|FIGHTER||Virtual Aircraft Museum / Germany / Pfalz|
The Pfalz Flugzeug-Werke GmbH was established at Speyer-am-Rhein, Germany, in 1913 by the Everbusch brothers. The company initially licence built aircraft, such as the Morane-Saulnier Type H and Type L. During the early part of World War I Pfalz Flugzueg-Werke was involved in manufacturing the Moranes (under the A.I and E.I designations) and later L.F.G. Roland designs.
The D.III, which appeared in the spring of 1917, was the first biplane fighter produced entirely by the Pfalz Flugzeug-Werke. Its design, by Rudolfo Gehringer, owed much to the Roland fighters that Pfalz had been building under licence, but it was slimmer and generally neater. The Pfalz D.III was robust and well built, with a semi-monocoque ply fuselage, and the wings were of unequal chord to give the pilot a better downward view. Other aircraft using this design technique almost always suffered a structural penalty, which Pfalz avoided by incorporating two spars in the lower wing. As a result, the Pfalz could be dived at higher speeds than contemporary German fighter types without the risk of structural failure, an attribute its pilots found very useful when making high-speed diving attacks on enemy observation balloons. The gap between the upper wing and the fuselage was kept to a minimum, giving the pilot a good all-round field of view.
The prototype D.III was evaluated in June 1917. Very few modifications were found necessary, and the type was quickly cleared for production. To reduce drag, its twin Spandau machine guns were completely buried in the forward fuselage, with only the muzzles protruding. The D.III was followed into production by the D.IIIa, which had an uprated Mercedes engine and guns mounted on top of the fuselage, where they were easier to aim and service. The D.IlIa's wingtips were also more rounded.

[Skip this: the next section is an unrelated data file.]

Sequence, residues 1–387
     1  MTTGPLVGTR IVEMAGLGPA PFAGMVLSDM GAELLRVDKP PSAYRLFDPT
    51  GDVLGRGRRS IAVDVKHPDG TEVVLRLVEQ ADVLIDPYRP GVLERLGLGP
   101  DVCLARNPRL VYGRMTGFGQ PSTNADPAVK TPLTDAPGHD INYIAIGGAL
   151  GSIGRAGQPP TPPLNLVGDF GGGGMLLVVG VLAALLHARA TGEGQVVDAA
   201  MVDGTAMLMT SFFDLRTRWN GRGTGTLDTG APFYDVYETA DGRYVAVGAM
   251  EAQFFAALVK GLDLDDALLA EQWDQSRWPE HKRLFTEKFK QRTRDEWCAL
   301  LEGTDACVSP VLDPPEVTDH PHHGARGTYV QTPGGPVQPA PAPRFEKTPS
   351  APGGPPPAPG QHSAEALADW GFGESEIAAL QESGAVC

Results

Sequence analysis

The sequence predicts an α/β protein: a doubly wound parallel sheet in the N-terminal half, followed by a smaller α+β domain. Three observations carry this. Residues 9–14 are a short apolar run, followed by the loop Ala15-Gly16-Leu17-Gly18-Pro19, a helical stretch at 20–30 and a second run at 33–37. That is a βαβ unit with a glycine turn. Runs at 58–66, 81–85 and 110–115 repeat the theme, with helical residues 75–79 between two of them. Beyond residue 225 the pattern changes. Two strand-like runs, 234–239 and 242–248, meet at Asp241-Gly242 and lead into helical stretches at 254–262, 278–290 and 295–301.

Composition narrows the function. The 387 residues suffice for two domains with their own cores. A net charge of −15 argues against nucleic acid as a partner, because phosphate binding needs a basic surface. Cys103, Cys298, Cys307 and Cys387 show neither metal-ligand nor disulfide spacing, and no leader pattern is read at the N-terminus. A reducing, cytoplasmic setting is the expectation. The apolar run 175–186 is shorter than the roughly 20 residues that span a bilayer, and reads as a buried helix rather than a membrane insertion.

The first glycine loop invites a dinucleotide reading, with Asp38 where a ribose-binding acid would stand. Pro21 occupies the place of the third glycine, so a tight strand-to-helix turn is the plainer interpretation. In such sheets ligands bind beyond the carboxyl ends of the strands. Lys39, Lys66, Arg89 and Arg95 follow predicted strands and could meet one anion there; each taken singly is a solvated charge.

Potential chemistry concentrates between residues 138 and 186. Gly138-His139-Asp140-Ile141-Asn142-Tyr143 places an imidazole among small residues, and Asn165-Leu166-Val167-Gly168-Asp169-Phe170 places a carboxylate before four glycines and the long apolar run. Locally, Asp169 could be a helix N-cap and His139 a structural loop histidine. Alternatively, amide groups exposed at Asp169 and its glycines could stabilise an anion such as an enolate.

The D.III/IIIa was initially issued to home defence units in Bavaria in August 1917. By the end of the year 276 D.IIIs and 114 D.IIIas were in service, and from then on the former was gradually replaced by the latter, of which 433 were with frontline units in April 1918. Forty-six Jagdstaffeln (Jastas) received some D.III/IIIas, but only about a dozen were fully equipped with the type.
Despite its robustness, the Pfalz does not seem to have been popular with many pilots, although some of Germany's leading air aces flew it. Part of the problem probably lay with its rate of climb, which was poor when compared with that of other German types such as the Fokker D.VII, with which the Pfalz was progressively replaced in the summer of 1918.
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